some aspirational stop frame work that I didn’t actually realize what I was doing
at the time and that’s that’s even existed when I was trying to create
those pieces of work so learning different properties of materials like
working with silicones working with fabrics working with upholestry even and
abstracting figurative work really helps give me the basis to learn all of those
materials that face it you know eventually just let me here I’m gonna
follow up on Georgina not call you George the animation I think if you look
at the long scope of it that there are certain eras there are certain studios
that kind of come to into their own and I’m thinking you know back back to the
Zagreb school or I think of George pal and the puppet UN’s or I think of Juri
trinka and the sort of that Eastern European kind of kind of whatever and
then of course in the UK I think of aardman I remember going to Anna
see and seeing they always have the films they have the features but they
have the adverts the advertisements and I remember seeing like most of these
what we call commercials here of so many of them at that time I think this is a
90’s or whatever we’re done in the UK and they were stop-motion could you talk
a little bit about sort of what what grows that fertile ground what makes a
place be so open and maybe how where you see Portland in that now it’s a big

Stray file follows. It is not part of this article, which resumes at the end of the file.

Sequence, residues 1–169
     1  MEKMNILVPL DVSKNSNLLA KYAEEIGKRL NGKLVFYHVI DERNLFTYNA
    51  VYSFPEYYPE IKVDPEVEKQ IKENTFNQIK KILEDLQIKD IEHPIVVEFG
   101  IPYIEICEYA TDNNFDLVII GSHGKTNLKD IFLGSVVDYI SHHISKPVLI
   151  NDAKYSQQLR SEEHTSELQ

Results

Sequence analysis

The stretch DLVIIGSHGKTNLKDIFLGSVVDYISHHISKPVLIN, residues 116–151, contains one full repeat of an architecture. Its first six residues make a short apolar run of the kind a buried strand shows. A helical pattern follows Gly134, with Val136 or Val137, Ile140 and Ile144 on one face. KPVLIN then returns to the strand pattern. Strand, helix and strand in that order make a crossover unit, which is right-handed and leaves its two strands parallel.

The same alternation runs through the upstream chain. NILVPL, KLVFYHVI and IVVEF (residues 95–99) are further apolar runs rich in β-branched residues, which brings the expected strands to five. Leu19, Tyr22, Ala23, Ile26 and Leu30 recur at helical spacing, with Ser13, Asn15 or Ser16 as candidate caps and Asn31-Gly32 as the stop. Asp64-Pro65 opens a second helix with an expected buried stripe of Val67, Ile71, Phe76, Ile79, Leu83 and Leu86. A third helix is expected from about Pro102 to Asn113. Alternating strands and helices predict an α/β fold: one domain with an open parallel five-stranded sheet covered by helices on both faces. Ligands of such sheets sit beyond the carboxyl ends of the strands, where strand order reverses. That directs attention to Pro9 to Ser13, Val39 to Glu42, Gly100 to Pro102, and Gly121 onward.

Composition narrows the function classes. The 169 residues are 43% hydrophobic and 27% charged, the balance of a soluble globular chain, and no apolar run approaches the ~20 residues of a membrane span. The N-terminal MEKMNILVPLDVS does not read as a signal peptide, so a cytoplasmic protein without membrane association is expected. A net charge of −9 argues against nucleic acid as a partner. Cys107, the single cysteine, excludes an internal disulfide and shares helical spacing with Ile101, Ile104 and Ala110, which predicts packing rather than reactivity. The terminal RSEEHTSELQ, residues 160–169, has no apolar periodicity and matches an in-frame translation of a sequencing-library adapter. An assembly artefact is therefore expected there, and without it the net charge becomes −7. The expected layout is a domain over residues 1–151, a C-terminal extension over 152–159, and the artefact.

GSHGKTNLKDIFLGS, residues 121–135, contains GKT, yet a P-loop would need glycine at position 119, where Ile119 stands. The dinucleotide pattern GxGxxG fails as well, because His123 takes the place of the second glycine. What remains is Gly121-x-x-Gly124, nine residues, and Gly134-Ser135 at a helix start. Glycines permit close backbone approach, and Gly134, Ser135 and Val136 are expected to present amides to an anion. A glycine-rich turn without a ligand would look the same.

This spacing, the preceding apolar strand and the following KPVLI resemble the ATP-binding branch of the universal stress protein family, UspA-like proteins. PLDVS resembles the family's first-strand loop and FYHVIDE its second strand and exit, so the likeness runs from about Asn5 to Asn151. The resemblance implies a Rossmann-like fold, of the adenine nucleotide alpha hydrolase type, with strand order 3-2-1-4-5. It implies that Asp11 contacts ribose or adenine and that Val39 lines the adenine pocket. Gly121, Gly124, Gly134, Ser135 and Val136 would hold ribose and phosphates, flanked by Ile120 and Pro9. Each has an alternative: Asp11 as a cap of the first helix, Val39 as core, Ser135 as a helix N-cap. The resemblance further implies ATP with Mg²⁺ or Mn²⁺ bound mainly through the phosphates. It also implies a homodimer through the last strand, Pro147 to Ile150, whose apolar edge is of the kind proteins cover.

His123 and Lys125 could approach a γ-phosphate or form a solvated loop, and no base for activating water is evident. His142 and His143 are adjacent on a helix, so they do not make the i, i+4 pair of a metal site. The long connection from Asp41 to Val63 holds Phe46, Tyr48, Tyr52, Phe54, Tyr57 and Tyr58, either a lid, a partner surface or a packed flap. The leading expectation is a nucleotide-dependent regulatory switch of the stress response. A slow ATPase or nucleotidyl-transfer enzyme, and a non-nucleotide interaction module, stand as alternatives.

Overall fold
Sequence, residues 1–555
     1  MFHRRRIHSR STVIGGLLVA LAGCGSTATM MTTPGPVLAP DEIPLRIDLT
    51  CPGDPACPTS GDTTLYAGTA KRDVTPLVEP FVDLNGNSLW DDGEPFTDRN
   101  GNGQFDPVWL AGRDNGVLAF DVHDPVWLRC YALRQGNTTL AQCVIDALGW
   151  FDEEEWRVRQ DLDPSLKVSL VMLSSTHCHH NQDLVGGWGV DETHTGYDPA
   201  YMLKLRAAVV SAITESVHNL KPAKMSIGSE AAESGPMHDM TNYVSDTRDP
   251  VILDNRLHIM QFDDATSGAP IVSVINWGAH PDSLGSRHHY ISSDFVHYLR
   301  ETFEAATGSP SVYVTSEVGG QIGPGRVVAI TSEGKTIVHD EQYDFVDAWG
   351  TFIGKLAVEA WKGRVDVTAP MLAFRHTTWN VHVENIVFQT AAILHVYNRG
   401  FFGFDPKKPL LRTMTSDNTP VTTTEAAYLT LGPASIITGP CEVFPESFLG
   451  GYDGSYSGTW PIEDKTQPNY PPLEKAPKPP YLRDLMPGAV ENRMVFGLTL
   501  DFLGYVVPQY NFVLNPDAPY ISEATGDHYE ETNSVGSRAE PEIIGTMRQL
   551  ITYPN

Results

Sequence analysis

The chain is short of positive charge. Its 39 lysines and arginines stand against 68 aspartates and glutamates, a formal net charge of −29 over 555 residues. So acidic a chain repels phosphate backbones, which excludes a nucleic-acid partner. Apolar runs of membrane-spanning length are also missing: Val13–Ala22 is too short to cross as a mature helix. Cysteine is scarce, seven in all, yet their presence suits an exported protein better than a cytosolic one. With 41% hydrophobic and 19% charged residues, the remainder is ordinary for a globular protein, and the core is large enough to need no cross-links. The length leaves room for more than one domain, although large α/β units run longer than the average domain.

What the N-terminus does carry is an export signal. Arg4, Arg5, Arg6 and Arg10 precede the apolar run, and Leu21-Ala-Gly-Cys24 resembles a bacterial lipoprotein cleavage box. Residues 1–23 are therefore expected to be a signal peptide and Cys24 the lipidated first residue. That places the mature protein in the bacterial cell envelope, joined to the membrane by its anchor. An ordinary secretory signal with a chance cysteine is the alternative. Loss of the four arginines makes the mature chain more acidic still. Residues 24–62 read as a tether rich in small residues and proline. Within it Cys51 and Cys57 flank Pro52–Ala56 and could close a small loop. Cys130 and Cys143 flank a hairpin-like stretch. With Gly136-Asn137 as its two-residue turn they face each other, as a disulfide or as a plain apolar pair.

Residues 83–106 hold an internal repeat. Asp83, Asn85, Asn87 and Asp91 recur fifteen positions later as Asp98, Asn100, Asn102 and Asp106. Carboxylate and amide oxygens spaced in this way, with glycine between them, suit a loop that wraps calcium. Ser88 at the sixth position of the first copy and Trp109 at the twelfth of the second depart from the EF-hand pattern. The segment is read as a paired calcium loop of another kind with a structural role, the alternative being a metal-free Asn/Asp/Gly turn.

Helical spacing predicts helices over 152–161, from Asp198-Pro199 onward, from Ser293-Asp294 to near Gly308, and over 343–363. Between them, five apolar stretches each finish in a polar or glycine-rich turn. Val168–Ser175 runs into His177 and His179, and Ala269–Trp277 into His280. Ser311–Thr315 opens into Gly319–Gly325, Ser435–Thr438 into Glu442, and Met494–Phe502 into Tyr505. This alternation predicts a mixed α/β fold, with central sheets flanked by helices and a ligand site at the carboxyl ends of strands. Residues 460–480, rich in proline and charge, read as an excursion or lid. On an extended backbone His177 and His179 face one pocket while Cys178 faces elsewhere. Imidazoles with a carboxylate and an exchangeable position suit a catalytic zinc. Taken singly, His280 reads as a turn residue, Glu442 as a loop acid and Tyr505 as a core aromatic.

question wow I got a big question you know I think I was involved in a lot of
those commercials in the 90s I worked for McKinnon and saunas that was a sort
of leading house in specifically puppet-making for you know we were we
were working for many different agencies and filmmaking companies and short film
studios and kids TV so and I think a lot of the sort of the openness and
tradition of stop-motion animation in England actually comes from the
children’s television telling stories to kids and educating kids from an early
age BBC television was a leading force in telling wonderful preschool sort of a
showing sort of education through stop-motion animation and telling great
great stories so from that hub of I mean you know Britain is very are based as
well it’s a tradition in in in the British Isles that goes back millions of
years of show you know telling history through art drawing creating a sort of a
learning technique through visual communication and I think you know
telling stories and educating through stop-motion animation it’s just
modern day stepping and you know taking that historical thread and and telling a
great story so we you know that’s I think we definitely excels in Great
Britain with stop-motion kids TV commercials and and then a lot of
feature work came our way as well because we had such a consistent flow of
of sort of actually making really high-end stop-motion films and
everything that we we were asked to sort of become a part of some of these larger
projects across the world now it’s interesting because when I was at